• Lack of clarity and not being articulate
  • Demonstrating lack of leadership qualities
  • Lack of appreciation for the competition
  • A pitch long on history and technology but lacking an execution plan
  • Generic assumptions
  • Underestimating the barriers to entry, or overestimating those for your competitors
  • Weak marketing and/or sales plan
  • Unrealistic financials
  • Unrealistic view of capital requirements

Pitchers rarely hit it out of the park. But that is your challenge, and your goal.

The Short Rules of Entrepreneurship

Today I offer you my personal rules for entrepreneurship. This set is by no means complete, but they are hopefully food for thought.

Rule 1: Entrepreneurship is about action – The Captain’s chair is yours.

Rule 2: Some people dream about doing great things. Keep your eyes wide open and your feet on the ground, and then do great things.

Rule 3: A sports metaphor for Rule 2. There is no crying in baseball. There is no sleeping in entrepreneurship.

Rule 4: Focus on customers and building a business that is client centered rather than focused on technology. Make sure your company solves customer pain or creates great results for your customer.

Rule 5: Entrepreneurship is not fair. Neither is angel or venture capital funding.

Rule 6: Treat your 3F (Friends, Family and others (known as Fools) round as if they are professional investors. All 3F angel investors have an investment committee – their spouse. Respect the relationship.

Rule 7: Angel and venture capital is like a series of locked doors. Someone must unlock the door for you. Find the people with keys.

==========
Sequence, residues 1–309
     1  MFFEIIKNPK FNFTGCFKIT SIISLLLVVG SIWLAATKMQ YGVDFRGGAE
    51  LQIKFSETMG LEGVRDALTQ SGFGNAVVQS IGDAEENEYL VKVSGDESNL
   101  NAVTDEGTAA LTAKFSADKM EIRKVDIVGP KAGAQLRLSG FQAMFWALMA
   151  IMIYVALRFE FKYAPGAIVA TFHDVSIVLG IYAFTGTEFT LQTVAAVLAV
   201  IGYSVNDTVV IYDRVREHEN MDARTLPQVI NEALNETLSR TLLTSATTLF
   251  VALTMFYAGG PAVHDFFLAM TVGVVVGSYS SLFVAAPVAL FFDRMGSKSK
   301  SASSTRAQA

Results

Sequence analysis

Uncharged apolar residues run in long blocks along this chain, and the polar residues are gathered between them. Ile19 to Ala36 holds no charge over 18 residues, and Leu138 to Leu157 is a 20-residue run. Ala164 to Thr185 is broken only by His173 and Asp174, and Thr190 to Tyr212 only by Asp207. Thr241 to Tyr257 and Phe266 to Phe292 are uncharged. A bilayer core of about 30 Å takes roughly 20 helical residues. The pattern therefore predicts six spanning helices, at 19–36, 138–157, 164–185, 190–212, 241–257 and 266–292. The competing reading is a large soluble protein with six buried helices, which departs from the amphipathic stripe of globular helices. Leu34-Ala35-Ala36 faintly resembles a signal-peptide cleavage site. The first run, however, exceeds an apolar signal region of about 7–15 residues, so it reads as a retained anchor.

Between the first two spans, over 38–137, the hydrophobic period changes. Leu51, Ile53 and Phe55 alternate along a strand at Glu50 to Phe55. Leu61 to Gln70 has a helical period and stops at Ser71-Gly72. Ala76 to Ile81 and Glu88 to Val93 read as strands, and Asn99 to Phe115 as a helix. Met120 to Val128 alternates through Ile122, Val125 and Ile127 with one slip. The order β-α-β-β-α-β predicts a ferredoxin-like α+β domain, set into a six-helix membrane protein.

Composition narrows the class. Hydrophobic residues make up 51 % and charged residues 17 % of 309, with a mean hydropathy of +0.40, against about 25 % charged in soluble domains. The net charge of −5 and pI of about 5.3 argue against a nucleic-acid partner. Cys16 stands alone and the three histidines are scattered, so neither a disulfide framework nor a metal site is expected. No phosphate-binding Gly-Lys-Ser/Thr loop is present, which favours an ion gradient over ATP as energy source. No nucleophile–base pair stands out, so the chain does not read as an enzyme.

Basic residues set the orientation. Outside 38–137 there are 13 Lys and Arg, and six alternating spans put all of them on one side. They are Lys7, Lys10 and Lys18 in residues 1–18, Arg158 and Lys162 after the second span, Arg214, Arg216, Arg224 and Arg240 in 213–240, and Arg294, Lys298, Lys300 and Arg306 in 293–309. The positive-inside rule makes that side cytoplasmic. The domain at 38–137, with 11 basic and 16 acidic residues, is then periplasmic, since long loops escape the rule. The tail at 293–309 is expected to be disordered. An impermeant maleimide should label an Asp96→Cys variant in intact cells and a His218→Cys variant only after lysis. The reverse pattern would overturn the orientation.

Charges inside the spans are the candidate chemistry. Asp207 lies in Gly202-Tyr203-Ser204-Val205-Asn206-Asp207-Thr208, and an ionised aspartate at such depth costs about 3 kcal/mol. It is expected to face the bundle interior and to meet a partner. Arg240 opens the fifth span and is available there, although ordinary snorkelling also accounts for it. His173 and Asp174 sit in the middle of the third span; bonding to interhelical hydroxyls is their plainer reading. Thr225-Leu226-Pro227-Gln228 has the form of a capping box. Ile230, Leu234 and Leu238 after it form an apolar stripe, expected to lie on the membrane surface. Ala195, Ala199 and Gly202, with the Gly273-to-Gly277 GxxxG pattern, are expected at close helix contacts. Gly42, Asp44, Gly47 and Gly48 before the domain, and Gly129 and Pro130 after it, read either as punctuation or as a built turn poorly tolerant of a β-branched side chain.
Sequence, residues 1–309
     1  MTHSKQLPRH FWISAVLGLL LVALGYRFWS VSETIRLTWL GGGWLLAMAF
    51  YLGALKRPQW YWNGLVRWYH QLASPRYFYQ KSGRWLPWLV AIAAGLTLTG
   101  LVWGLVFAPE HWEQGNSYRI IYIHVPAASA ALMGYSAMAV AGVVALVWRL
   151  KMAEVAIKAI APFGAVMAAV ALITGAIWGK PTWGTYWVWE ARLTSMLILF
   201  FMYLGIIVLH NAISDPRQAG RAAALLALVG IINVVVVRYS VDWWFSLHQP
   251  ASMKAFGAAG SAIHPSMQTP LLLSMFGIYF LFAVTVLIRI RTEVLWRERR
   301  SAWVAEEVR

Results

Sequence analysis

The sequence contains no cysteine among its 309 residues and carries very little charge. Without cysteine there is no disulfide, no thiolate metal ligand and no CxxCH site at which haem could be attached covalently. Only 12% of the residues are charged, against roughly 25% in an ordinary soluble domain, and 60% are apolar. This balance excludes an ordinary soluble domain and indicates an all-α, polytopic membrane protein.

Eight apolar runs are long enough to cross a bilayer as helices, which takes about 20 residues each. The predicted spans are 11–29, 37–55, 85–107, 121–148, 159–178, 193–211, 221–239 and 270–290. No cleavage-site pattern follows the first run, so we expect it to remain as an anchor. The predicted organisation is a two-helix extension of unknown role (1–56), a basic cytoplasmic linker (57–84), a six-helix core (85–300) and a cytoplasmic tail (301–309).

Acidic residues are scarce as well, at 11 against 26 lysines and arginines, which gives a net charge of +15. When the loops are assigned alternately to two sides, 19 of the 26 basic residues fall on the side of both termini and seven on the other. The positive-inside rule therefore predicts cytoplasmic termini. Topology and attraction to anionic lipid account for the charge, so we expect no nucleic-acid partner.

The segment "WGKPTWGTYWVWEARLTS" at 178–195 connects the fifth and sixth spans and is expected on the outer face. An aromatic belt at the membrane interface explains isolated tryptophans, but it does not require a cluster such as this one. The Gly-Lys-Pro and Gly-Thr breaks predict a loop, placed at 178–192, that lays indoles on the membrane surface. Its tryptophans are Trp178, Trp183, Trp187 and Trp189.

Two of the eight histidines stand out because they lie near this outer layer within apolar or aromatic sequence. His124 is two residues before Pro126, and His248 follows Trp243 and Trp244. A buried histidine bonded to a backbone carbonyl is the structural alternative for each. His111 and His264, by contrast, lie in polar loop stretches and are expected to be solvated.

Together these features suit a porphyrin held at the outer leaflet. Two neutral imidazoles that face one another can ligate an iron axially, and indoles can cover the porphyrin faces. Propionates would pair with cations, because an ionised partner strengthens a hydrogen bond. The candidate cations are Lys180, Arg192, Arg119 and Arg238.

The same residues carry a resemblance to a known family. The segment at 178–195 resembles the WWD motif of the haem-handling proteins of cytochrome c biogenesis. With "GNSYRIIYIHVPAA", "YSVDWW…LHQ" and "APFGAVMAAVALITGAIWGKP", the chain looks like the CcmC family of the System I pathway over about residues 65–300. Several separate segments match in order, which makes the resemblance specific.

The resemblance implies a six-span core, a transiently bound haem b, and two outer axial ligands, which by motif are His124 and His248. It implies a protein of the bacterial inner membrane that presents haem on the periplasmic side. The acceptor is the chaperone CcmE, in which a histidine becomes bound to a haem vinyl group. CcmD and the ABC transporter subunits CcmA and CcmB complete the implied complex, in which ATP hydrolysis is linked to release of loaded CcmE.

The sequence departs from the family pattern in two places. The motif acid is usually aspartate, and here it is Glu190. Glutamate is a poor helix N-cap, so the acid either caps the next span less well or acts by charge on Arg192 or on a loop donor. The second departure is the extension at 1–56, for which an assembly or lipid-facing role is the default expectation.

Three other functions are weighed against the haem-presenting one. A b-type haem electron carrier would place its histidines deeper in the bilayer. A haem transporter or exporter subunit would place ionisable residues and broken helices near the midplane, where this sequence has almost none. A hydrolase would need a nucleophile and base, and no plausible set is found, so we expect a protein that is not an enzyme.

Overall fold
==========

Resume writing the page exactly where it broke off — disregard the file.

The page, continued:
Rule 8: Build your company by building a customer base. Build for one client at a time. Later, build for multiple clients.

Rule 9: You have exactly one minute to make your pitch. Practice making them.

Rule 10: Learn the language of entrepreneurship and tell the truth. (Do not tell the typical lies: “Our market cap will scale up to $27.1 billion in five years” or “our competition is too big and slow to move as fast as us,” unless you are Elon Musk and build spaceships in your spare time.)

Rule 11: Get a champion who will work with you.

Rule 12: Bootstrap. Frugality is a virtue. Put some skin in the game.

Rule 13: You are only as good as your cash.

Rule 14: So what? Why you? What have you accomplished so far?

Rule 15: Build a team. One person cannot do everything.

Rule 16: Be a good listener and a better filter.

Rule 17: Network!

Rule 18: If you build it they will not come. You must sell to them.

Rule 19: Never BS yourself or your team. Always pause to understand the bias in all decision making.

Rule 20: This rulebook is incomplete.

Do you have additional tips for entrepreneurs? Feel free to add to the list.

Customer Development Interviews

A new book by Cindy Alvarez about customer interviews reminded me that it is often important to review the basics of our tradecraft.

There are a number of important points to consider when reaching out to potential customers. In the Lean Methodology, it is essential to complete customer interviews before building your first minimally viable product. Ongoing interviews with clients also helps you to stay in touch and cement relationships with clients as well.

It is best to interview someone face-to-face. Clearly, that is more time consuming approach, yet more effective than Skype, telephone, or online interviews. A key component of these interviews is the observation of body language. That observation is lost with anything less than face-to-face meeting. Video conversations only capture part of the picture, and the nuances of observation cannot be completely captured.